September 20, 2013

Scripture and Commentary, Saturday after the Sixteenth Sunday after Trinity

Morning – Psalm 143, 149, 1 Kings 11:26-37, 1 Thes. 5:1-11
Evening – Psalm 19, 112, Job 2, Mt. 11:20

You have probably noticed that Wednesday, Friday, and Saturday are designated as Ember Days, meaning they are set aside for prayer and fasting for those studying for the ministry and preparing for ordination.  How very appropriate that, during this time, we have been reading the Lord’s words to His disciples as He prepared to send them on their first missionary journey through Galilee.  Certainly His words to them have a direct application to those who would serve Him today, whether ordained or lay. The beautiful Collect for Ember Days is set forth below.  It is followed by the Prayer for the Clergy and People from Morning and Evening Prayer.  Let them both rise to God from our lips this night.

O Almighty God, who hast committed to the hands of men the ministry of reconciliation; We humbly beseech thee, by the inspiration of thy Holy Spirit, to put it into the hearts of many to offer themselves for this ministry; that thereby mankind may be drawn to thy blessed kingdom, through Christ our Lord. Amen.

Almighty and everlasting God, from whom cometh every good and perfect gift; send down upon our Bishops, and other Clergy, and upon the Congregations committed to their charge, the healthful Spirit of thy grace; and, that they may truly please thee, pour upon them the continual dew of thy blessing.  Grant this, O Lord, for the honour of our Advocate and Mediator, Jesus Christ. Amen.

Commentary, Matthew 11:20-30

The reaction of the people to the ministry of Jesus and the disciples was tremendous.  People flocked to Him, traveling long distances at great expense.  They listened to His teaching and said that a prophet had come to them.  They saw His miracles and said the power of God had come among them.  We are told many times that great multitudes followed Him.  Sometimes, they even attempted to make Him king.  Great crowds came with great excitement and great rejoicing.  But few came with great repentance or faith.  They came to be healed, or entertained, but not to be saved.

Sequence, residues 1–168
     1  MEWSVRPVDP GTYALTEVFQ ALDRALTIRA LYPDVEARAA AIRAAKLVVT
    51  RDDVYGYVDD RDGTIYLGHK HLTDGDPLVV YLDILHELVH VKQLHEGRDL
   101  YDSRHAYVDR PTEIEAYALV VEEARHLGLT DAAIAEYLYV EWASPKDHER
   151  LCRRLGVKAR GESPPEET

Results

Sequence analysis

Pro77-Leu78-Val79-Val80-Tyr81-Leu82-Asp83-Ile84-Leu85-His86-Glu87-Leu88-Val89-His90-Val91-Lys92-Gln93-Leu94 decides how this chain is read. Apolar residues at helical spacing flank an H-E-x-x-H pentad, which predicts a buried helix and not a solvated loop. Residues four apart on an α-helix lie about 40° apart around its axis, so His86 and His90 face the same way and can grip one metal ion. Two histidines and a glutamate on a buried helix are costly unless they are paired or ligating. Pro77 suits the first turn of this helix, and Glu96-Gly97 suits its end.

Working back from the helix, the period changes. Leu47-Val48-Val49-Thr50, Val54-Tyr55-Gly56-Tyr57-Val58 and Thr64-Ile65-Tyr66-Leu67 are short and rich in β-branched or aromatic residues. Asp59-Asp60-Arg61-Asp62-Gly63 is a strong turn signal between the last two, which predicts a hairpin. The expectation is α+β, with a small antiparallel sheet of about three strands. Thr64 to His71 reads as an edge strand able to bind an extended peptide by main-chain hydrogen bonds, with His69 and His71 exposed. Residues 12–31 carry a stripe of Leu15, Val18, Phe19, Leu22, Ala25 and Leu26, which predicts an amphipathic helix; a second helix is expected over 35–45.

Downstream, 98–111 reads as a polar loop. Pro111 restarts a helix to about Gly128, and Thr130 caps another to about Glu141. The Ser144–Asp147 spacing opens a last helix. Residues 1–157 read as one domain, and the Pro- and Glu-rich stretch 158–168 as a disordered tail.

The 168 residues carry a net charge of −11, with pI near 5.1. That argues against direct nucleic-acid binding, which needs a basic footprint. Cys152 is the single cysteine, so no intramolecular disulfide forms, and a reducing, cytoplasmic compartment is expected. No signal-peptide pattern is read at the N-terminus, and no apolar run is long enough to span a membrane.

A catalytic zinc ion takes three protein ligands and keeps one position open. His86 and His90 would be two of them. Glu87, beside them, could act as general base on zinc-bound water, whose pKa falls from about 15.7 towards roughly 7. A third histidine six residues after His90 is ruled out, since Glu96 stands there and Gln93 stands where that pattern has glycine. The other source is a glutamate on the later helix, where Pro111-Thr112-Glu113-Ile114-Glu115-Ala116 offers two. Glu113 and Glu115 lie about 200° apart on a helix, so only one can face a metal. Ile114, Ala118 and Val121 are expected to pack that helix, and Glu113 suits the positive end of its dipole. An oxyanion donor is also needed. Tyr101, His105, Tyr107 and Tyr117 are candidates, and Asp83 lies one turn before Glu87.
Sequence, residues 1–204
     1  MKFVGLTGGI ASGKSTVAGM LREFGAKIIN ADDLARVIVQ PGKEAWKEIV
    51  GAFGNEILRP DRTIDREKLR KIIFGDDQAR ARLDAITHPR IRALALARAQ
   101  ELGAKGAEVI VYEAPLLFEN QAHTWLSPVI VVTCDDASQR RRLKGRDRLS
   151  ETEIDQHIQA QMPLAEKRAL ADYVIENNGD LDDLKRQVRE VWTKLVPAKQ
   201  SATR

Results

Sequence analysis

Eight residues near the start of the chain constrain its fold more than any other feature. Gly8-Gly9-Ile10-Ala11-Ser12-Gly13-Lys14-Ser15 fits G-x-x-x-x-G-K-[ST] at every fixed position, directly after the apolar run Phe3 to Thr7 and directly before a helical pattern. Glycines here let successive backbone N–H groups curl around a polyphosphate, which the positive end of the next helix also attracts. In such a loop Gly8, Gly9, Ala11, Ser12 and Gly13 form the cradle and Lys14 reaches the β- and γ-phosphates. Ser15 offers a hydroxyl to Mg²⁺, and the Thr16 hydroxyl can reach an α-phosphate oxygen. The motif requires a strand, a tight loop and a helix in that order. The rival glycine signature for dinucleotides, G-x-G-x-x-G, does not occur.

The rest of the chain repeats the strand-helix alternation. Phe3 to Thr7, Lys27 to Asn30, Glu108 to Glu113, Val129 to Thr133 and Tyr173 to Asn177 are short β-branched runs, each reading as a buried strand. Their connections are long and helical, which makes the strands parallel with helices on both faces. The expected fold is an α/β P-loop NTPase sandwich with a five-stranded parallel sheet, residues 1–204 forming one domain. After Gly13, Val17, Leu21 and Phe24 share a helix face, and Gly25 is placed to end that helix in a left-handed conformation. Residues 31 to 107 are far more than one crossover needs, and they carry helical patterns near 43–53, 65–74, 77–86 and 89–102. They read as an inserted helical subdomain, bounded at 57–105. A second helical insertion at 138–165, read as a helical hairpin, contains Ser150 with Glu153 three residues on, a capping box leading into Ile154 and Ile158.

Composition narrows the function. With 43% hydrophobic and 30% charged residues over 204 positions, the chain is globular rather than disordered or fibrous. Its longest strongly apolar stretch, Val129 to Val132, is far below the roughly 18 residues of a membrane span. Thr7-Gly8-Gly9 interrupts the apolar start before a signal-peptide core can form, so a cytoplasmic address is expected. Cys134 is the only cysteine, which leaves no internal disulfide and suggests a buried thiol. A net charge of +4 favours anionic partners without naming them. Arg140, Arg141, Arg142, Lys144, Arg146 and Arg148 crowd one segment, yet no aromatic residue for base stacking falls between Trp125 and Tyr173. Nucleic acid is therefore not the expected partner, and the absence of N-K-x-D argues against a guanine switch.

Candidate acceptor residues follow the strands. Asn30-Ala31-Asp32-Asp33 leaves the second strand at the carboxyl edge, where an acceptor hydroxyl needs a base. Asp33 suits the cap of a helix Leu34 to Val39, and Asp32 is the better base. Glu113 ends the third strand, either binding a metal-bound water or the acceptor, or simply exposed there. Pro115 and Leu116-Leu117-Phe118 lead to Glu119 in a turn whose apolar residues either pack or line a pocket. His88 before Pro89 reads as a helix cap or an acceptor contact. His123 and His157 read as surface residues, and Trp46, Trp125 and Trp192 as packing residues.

Jesus rebukes the cities in which He did much of His preaching and ministry.  Chorazin and Bethsaida are near Capernaum on the northern shore of the Sea of Galilee.  They were Jewish cities, which Jesus probably went to after He sent His disciples on their mission.  Tyre and Sidon were Gentile cities northwest of Israel on the Mediterranean coast.  Jesus is saying that if He had done his preaching and miracles in Tyre and Sidon “they would have repented long ago in sack-cloth and ashes” (vs.21).  Even Sodom would have repented and been spared (11:23).  Perhaps you are thinking now of Nineveh, which, at the very reluctant preaching of Jonah, believed God and proclaimed a fast in repentance of sin.  They, Gentiles, put on sack-cloth and ashes, “from the greatest to the least of them” (Jonah 3:5).  Even the king of Nineveh repented publicly. And God had mercy on that Gentile city whose people had more faith than Jonah.  It will be more tolerable for Tyre and Sidon than for Chorazin and Bethsaida on Judgment Day.  Capernaum, where Jesus did so much, will go down to hell, for they have seen and heard the Messiah.  The Gentiles have not.

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